Top panel, left image. Click for full size.
Bentley Historical Library
3. Top panel, left
Dedicated in 1873, University Hall linked Mason Hall and South College. It contained a large auditorium, a new chapel, lecture rooms, and offices. For decades the symbol of the university, it was completely obscured by Angell Hall in 1924 and demolished in 1950.
away); The Michigan Ross Bur Oak (approx. ¼ mile away); The Denison Archway (approx. ¼ mile away). Touch for a list and map of all markers in Ann Arbor.
 
Also see . . .  Site 14a. State Street: in front of Michigan Union. Marker on the Downtown Ann Arbor Historical Street Exhibit website. (Submitted on February 24, 2020, by Joel Seewald of Madison Heights, Michigan.) 
 
Top panel, lower right image image. Click for full size.
Bentley Historical Library
4. Top panel, lower right image
Henry Philip Tappan, UM's first president, was a brilliant eduator and eloquent speaker who fired the students' enthusiasm. The regents, antagonized by his arrogant manner and liberal approach to religion, fired him in 1863 despite vigorous public protest. President Angell later said Tappan was "the largest figure of a man ever to appear on the campus, and, he was stung to death by gnats!"
Bottom panel, upper left image. Click for full size.
Bentley Historical Library
5. Bottom panel, upper left
Student surveyors from the engineering class of 1875. The previous year Professor Joseph B. Davis had organized the first surveying field work camp in the nation. He advised his students, "Young men, when theory and practice differ, use your horse sense!"
Bottom panel, upper middle image. Click for full size.
Bentley Historical Library
6. Bottom panel, upper middle
Dr. Eliza Mosher, an 1875 graduate of the Medical School, was persuaded by President Angell to give up her private practice in 1896 to become the first Dean of Women. As Professor of Hygiene in the Literary Department, she was also the university's first femal faculty member.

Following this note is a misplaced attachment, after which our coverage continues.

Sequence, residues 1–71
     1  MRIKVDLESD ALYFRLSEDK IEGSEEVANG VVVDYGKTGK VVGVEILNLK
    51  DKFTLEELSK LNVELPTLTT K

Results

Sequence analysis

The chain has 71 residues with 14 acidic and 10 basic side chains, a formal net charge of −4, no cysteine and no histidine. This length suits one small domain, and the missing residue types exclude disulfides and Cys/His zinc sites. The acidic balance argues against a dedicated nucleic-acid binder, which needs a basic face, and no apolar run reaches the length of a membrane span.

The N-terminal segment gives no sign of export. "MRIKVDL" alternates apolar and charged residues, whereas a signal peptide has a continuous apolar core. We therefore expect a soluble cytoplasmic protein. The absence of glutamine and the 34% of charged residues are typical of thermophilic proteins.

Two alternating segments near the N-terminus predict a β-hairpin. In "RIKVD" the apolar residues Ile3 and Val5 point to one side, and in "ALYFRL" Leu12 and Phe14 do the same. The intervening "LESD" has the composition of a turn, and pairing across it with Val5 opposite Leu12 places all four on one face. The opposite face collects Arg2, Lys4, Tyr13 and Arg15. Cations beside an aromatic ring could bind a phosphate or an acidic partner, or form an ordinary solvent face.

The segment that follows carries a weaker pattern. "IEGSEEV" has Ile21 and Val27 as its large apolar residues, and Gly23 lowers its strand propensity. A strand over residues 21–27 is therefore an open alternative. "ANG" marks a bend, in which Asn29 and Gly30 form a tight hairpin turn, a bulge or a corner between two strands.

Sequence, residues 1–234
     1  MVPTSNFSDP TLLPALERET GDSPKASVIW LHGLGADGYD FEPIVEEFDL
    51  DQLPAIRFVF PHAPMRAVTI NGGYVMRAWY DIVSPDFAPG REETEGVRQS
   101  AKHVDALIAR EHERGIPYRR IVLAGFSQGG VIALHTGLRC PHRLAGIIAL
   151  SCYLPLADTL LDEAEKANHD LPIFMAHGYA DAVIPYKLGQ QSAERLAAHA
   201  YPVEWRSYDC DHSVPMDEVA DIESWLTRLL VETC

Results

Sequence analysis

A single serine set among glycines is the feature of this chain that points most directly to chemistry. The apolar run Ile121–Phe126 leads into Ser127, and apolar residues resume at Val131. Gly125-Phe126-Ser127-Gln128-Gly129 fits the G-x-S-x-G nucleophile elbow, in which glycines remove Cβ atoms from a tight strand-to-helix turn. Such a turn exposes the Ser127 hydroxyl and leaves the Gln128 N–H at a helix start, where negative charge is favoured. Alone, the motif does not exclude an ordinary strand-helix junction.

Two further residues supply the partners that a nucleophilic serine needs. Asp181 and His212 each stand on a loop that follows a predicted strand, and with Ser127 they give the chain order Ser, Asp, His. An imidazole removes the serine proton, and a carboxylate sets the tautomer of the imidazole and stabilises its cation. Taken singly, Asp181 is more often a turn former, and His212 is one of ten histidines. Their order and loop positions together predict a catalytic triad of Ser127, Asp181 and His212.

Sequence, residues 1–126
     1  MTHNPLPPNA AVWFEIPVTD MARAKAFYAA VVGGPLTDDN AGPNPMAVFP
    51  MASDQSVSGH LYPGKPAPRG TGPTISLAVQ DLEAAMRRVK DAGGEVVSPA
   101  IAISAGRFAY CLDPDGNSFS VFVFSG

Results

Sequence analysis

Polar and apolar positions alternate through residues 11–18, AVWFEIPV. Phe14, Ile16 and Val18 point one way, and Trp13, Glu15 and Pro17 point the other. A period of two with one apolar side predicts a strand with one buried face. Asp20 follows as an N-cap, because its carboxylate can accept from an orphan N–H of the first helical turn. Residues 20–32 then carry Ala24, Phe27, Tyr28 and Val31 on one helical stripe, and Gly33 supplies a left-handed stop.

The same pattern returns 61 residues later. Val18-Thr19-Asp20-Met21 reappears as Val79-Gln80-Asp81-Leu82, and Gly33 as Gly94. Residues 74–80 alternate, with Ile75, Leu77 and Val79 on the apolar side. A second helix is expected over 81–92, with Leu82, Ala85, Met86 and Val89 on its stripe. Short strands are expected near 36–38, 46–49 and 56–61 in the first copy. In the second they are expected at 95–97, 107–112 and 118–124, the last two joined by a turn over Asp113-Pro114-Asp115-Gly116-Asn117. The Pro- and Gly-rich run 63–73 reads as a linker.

Bottom panel image. Click for full size.
Bentley Historical Library
7. Bottom panel
President James Burrill Angell (circled), who sought to make Michigan "part of the great world of scholars," with his distinguished faculty in 1876. To his immediate right sit Latin Professor Henry Simmons Frieze, three-time acting president and founder of the University Musical Society, and History Professor Charles Kendall Adams, who introduced the seminar method.
The Making of a Great University Marker image. Click for full size.
By Joel Seewald, February 19, 2020
8. The Making of a Great University Marker
The newly renovated Michigan Union is in the background.
 
 
Credits. This page was last revised on February 24, 2020. It was originally submitted on February 24, 2020, by Joel Seewald of Madison Heights, Michigan. This page has been viewed 71 times since then and 6 times this year. Photos:   1, 2, 3, 4, 5, 6, 7, 8. submitted on February 24, 2020, by Joel Seewald of Madison Heights, Michigan.

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Apr. 19, 2021